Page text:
Another year, another Sci-Fi London Anime Allnighter! Yes, one of Animetion's favourite UK anime events is still going strong, and once again we were there to check it out. Readers of our previous Anime Allnighter features will know that since the demise of ADV Films a couple of years ago Manga Entertainment have pretty much taken over the event, but this time their dominance was confirmed by a change of name. The Anime Allnighter is no more - welcome to the Manga Allnighter!
the change of name though the event is basically the one we have
come to know and love. Held as always in the Apollo West End
cinema just round the corner from London's Piccadilly Circus, the
Allnighter kicked off at just after midnight and ran till around
8am the following morning. For the entry price of £30 you get
a bill of four films plus free tea, coffee, ice-cream and Red
Bull during the intervals and a goodie bag which contained
volume 1 of the excellent She, The Ultimate Weapon on DVD,
alongside badges, books, flyers, a can of energy drink and a handful
of random promotional items. The organisers run quizzes and
giveaways between films too, with great prizes up for grabs
including Blu-Ray, DVDs and t-shirts.
Last October's Anime Allnighter was notable in that - for the first time since we started going to it - all of the films were pretty hard-core sci-fi titles. However, this time that really wasn't the case. The night started well with the UK premiere of Madhouse's highly anticipated racing anime Redline, a futuristic and massively stylish anime from the man behind the 'World Record' segment of the Animatrix anthology. His trademark style was instantly apparent in the stunning visuals but the pounding soundtrack was played out at
ear-splitting volume, which may have woke us all up but didn't do
much for our eardrums! However, after this you would have been
hard pressed to qualify any of the other films as science fiction.
Next up was Bleach The Movie: The Diamond Dust Rebellion, the
second film spin-off from the popular Bleach fantasy
franchise which saw all of the main characters from the series get
into a giant supernatural rumble whilst one of them fights his inner
demons. It was pretty well animated and generally entertaining
but it was also cheesy and completely impenetrable to anyone
unfamiliar with the original anime or manga. Nonetheless it
kept everyone alert, but that was quickly shattered by the
yawn-inducing Musashi, a film that sounded much better on
paper. Although the film was interesting, its method of
looking at the life of the legendary Japanese swordsman Miyamoto
Musashi was to string together a handful of impressive action
sequences with a series of documentary segments. Intriguing on
DVD maybe, but in a cinema it just served to send a large portion of
the audience to sleep. An un-billed episode of the fantasy
series Fullmetal Alchemist: Brotherhood tried to wake
everyone up again before the night was rounded off by another UK
premiere in the form of Fate/Stay Night: Unlimited Blade Works.
This final film was an alternative take on the Fate/Stay Night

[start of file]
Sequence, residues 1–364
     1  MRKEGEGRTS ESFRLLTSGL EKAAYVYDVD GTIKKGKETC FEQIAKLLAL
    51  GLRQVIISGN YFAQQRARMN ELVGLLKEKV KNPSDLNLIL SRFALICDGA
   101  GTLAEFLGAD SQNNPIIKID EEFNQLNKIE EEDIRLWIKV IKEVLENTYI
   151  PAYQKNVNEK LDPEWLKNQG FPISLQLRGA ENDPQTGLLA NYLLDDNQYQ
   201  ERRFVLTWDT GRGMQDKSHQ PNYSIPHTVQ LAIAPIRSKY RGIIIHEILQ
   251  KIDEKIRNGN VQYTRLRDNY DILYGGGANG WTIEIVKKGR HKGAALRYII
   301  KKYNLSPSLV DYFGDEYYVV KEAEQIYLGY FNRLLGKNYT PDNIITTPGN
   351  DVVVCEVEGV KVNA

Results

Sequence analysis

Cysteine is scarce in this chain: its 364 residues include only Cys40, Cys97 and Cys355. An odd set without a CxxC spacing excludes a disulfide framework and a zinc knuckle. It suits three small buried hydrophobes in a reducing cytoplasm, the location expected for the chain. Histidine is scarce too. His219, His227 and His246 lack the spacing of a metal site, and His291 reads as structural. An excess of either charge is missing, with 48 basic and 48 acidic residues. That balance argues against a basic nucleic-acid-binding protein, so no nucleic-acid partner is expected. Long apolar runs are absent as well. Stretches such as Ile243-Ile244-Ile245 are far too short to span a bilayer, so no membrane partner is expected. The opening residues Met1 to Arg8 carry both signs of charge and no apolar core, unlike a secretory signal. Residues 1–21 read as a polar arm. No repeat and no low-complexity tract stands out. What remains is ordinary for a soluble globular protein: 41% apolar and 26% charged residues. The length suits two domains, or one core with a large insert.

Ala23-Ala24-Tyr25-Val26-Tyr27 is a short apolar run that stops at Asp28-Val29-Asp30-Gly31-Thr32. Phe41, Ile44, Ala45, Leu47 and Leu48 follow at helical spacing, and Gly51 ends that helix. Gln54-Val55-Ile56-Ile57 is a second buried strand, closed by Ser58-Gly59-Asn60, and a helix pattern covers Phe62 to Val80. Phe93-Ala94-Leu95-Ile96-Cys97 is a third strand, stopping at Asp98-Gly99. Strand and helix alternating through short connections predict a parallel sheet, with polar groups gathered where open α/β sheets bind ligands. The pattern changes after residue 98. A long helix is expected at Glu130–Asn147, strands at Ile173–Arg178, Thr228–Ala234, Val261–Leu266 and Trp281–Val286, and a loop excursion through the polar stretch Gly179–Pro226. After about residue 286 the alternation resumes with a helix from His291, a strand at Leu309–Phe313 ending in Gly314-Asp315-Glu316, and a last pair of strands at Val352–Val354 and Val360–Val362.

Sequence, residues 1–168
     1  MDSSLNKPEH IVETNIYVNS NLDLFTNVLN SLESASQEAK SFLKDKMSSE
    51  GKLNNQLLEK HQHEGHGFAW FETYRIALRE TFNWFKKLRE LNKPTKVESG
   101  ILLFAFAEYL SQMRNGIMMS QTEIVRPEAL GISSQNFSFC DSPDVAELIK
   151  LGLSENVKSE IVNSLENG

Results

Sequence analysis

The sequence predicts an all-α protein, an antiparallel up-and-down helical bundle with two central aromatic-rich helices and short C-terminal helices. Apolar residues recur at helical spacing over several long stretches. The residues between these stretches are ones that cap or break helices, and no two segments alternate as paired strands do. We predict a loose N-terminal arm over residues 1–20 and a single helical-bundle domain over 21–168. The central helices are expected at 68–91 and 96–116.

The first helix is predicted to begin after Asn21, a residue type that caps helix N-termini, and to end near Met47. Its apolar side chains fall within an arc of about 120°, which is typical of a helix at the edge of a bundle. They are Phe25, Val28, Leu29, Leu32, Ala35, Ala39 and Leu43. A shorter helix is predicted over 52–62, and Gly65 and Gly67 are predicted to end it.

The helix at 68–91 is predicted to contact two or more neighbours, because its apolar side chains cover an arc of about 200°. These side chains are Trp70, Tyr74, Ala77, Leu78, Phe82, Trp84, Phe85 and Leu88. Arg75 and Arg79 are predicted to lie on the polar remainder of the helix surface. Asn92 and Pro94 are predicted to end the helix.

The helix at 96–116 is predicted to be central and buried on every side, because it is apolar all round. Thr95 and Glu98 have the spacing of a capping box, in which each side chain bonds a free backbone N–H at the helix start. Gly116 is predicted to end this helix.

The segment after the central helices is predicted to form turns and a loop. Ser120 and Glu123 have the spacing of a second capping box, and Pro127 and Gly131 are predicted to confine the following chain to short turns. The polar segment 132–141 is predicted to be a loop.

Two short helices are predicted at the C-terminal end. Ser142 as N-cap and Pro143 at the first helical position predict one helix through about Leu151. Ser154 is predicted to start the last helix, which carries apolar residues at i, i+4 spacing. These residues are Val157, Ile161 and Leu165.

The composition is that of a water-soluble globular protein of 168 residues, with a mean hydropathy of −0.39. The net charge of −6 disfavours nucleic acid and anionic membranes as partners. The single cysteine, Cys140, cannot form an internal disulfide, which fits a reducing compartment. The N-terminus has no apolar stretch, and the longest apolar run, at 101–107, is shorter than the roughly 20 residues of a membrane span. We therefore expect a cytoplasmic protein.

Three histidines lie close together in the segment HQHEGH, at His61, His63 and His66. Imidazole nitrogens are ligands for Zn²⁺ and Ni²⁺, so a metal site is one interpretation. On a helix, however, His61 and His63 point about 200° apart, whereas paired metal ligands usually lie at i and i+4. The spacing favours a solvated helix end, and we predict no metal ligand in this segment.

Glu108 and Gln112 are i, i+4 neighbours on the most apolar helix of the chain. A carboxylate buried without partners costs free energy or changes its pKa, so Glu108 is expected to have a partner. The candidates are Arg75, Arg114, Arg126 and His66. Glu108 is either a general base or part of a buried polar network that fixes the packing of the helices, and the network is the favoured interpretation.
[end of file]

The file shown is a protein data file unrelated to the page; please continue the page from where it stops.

series and featured plenty of action but once again suffered from
being impenetrable to newcomers not familiar with the original
series or story. For a more in-depth look at the films, please
check out the next page.
Kudos for Manga for snagging a few UK premieres for the night, and the selection of films was interesting, but we were a little disappointed at the lack of sci-fi titles. Manga have the rights to Evangelion 2.0: You Can (Not) Advance and Summer Wars, both excellent sci-fi titles that have already been on the bill of a few film festivals and either would have been a better fit than the decidedly un-cinematic Musashi. In the end Redline and Fullmetal Alchemist: Brotherhood were the two titles that stood out most on the bill, not
least because you didn't need as much prior knowledge of a franchise to get a grip on them. There was also a technical issue that hampered proceedings, with Redline missing the vocal track for the first 20 minutes or so. On top of this there were a few grumblings from the audience when it was clear that the Bleach film was being played from a DVD (note to organisers: don't let the DVD menus come up on the cinema screen) and when Fullmetal Alchemist: Brotherhood was played from a computer source that looked suspiciously like a fansub.
The Manga Allnighter remained good value for money and well worth attending, but the bill this time was slightly weaker than some of the previous ones. It was a shame the sci-fi focus of October's event was lost this time round, and many of the films on the bill demonstrated far more style than substance. Musashi was a bad choice for the event due to its unconventional style which seemed much more suited to the small screen, and the Bleach and Fate/Stay Night films were action-packed but held the most appeal to fans of the series' that spawned them. Redline was flashy but shallow, and Fullmetal Alchemist: Brotherhood was, at the end of the day, the first episode of a TV series rather than a film. None of the titles shown were totally bad though, and you'd be unlikely to see many of them in the cinema outside of this event. To be honest the chance to see any anime in the cinema is one that we can't help but embrace, and even when the films shown are a bit disappointing it's hard to argue with the appeal of an event such as this. The Sci-Fi London Manga Allnighter 2010 may not have been the best of the bunch, but we still wouldn't miss it!